Prior to Christmas 2000, Home Depot (NYSE:HD) had eight consecutive quarters of declining same-store sales growth. To bring growth back, the company hired the man former General Electric (NYSE:GE) Chairman Jack Welch described as the "best operating manager" he had seen -- Bob Nardelli.

Nardelli's Home Depot uses new technology like self-checkout systems. A third of the customers use them (including me) and they cut checkout waiting times by 40%. As I mentioned in my earlier argument, Home Depot is also offering tool rentals in most stores (a line extension that allows the do-it-yourself customer to get everything for a job in one stop).

Investors should also like the new business strategy of opening stores in markets with existing stores. Ignore that the company admits that same-store sales were reduced by 1.5% in fiscal year 2004 by this strategy and recognize the strong profit margins each store enjoyed while overall same-store sales still rose.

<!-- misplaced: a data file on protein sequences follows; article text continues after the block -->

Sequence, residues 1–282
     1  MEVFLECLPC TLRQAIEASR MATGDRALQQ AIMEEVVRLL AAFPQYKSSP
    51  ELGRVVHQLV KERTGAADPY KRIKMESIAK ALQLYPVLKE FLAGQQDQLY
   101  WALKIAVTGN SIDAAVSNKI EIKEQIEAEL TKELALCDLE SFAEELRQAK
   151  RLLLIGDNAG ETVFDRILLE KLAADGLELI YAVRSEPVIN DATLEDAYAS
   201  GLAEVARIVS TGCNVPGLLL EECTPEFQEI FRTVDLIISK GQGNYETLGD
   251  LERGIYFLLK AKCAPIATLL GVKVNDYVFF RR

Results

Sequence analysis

While contractors have been courted for years, the company now has five wholly owned subsidiaries operating under The Home Depot Supply brand that target big professional marketplaces. Investors, this is not your father's Home Depot!

Finally, build a discounted cash flow model (or use the one found at the Motley Fool Inside Value newsletter site) to calculate the intrinsic value of this company. I like Foolish writer Seth Jayson's $53 price and understand the $46 valuation the astute folks at Inside Value endorse. Here's my take: Seth and Inside Value used 10% for annual earnings growth. I side with the analysts who see five-year growth at 14% a year -- so these calculations are both light for this $39 stock!

The Duel doesn't end here. Check out W.D. Crotty's original argument, as well as John Reeves' opposing view. Then click over to John's rebuttal. After you've read them all, vote for this week's Dueling Fools winner.

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Fool contributor W.D. Crotty owns shares of Home Depot and only uses self-checkout. Click here to see The Motley Fool's disclosure policy.